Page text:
According to Sutter11, there was a shift in the relationship between the United States and China in the recent times as China gained economic power to become the second largest economy in the world. This is always described as the second stage of the relationship. China had achieved its goals that defined their initial relationships. It had grown to become one of the leading economies in the world. The financial support it had been receiving from the United States and a vast human power propelled its industrial sector to become one of the largest in the world. It was also developing bilateral and multilateral trade relationships with other countries other than the United States. The initial relationship with the United States had been very fruitful, and the country had become as competitive as the United States itself. For this reason, the country did not find it favorable that the United States still viewed it as an underdog in their relationship.12 China wanted a bilateral trade relation where both parties would have policies that are considerate to both countries. This strained the relationship that actually led to the collapse of the bilateral relationship that had existed between the two countries. It demanded an environment where both parties mutually agreed on specific policies without being subjected to issues that it was against. This appeared a little strange to the United States that was used to an environment where it was the superior partner. The bilateral relationship failed.

The third stage is the current bilateral trade relations between the two countries. The United States started giving in and is converging because of the significant growth of China. Currently, it has been observed that the two countries are warming up to each other once again.13 At last, the United States has realized that China has grown to become a major economic power, and should be treated as such. In fact, the United States has realized that China has the potential to help it overcome its economic woes.14 It is now China extending economic help to the United States, something that some members of our society do not want to appreciate. The researcher believes that the saving culture of the Chinese means that the country has a lot in its reserves, making it easy for it to finance the U.S. financial deficit without affecting its own economy. On the other hand, Chinese firms are enjoying the benefits of operating in the U.S. markets. As Hachigian15 observes, China is currently comfortable with trade surplus in its relationship with the United States. With both parties mutually benefiting from this relationship, it is viewed as a success.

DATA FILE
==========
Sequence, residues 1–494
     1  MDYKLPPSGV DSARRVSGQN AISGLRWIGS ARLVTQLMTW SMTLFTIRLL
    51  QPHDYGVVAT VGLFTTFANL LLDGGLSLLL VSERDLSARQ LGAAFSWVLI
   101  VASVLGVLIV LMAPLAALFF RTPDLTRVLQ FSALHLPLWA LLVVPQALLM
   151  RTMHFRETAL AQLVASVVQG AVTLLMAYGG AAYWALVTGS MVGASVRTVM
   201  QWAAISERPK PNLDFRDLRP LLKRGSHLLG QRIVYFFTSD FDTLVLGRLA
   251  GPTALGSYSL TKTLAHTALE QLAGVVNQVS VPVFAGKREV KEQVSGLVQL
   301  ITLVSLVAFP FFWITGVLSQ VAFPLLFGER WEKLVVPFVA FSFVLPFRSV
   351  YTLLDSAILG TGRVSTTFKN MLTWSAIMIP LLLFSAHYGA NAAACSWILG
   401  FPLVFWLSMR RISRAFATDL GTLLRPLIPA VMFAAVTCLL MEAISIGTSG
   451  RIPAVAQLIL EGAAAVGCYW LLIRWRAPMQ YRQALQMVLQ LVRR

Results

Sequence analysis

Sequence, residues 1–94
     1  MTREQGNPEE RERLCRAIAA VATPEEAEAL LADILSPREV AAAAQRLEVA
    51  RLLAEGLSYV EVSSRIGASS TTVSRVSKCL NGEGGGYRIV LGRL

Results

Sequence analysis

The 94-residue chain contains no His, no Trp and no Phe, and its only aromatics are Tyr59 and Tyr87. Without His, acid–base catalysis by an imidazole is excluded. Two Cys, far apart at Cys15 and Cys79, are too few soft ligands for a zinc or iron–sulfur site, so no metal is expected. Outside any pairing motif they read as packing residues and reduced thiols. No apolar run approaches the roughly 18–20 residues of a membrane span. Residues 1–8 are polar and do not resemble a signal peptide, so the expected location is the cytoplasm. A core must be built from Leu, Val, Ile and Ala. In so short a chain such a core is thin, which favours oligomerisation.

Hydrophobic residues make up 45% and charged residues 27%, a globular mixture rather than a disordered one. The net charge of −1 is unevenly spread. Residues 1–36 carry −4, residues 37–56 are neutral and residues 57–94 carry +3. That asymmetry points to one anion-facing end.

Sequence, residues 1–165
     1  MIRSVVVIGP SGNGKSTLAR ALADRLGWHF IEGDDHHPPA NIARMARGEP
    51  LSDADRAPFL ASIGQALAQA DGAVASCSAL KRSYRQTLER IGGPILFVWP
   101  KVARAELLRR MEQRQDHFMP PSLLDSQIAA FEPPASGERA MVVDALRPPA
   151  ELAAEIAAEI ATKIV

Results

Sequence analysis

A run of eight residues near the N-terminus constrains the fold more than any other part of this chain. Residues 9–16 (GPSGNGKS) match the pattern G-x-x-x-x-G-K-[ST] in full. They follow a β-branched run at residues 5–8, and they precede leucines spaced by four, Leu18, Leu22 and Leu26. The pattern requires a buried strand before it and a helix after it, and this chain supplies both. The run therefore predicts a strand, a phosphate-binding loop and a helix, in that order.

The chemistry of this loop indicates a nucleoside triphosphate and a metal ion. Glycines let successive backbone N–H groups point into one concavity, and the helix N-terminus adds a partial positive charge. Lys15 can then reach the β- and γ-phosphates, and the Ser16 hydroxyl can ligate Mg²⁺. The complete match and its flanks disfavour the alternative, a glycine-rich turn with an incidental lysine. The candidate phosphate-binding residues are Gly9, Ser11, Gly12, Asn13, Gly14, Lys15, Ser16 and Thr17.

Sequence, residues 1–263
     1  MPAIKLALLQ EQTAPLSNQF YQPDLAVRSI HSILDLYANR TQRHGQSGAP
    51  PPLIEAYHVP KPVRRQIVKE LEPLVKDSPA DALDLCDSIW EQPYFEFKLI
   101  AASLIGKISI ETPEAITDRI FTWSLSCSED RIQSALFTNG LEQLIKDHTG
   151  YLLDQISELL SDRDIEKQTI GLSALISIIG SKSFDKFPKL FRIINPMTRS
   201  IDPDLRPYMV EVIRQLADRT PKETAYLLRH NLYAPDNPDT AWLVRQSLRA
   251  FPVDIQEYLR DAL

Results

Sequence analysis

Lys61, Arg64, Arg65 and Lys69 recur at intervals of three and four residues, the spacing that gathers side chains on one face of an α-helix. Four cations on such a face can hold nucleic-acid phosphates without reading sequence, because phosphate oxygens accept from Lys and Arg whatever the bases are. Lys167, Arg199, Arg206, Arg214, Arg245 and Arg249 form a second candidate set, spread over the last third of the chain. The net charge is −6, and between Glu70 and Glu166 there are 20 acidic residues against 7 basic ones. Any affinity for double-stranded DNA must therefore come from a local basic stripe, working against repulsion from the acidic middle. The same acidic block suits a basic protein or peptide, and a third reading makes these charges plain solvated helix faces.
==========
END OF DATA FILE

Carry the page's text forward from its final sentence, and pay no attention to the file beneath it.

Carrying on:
Methodology

In every piece of research, it is important to devise the most appropriate research method that would yield the desired results. The methodology chosen should be able to facilitate the collection o the desired data and analyze it is a way that would help in making a sound conclusion about the topic of the research.16 In this study, a qualitative research method in the form of case studies was considered more appropriate. This primarily means that all the data used in this research was gathered from secondary sources. These included books and scholarly journals that focused on this topic. The decision to focus only on the secondary sources of data was made because of the nature and time that was available for the research. The nature of this research makes case studies the most appropriate sources of data. This is so because no single person can claim to have the information regarding this topic other than researchers who have been studying the trend that this relationship has been taking over the years. The findings of these scholars have been factored in at the literature review sections. The financial articles and other relevant books have been very resourceful in this qualitative research. It means that the only other valid source of information would be the case studies. Case studies are some of the best sources of information that can be used in a research process.17 The time available for this intensive research was also limited. The case studies offered the best solution to this problem. For this reason, it was chosen as an appropriate approach of arriving at a conclusion in this study.

Case Studies

Stage 1: Successful Relationship as China Seeks to Join World Trade Organization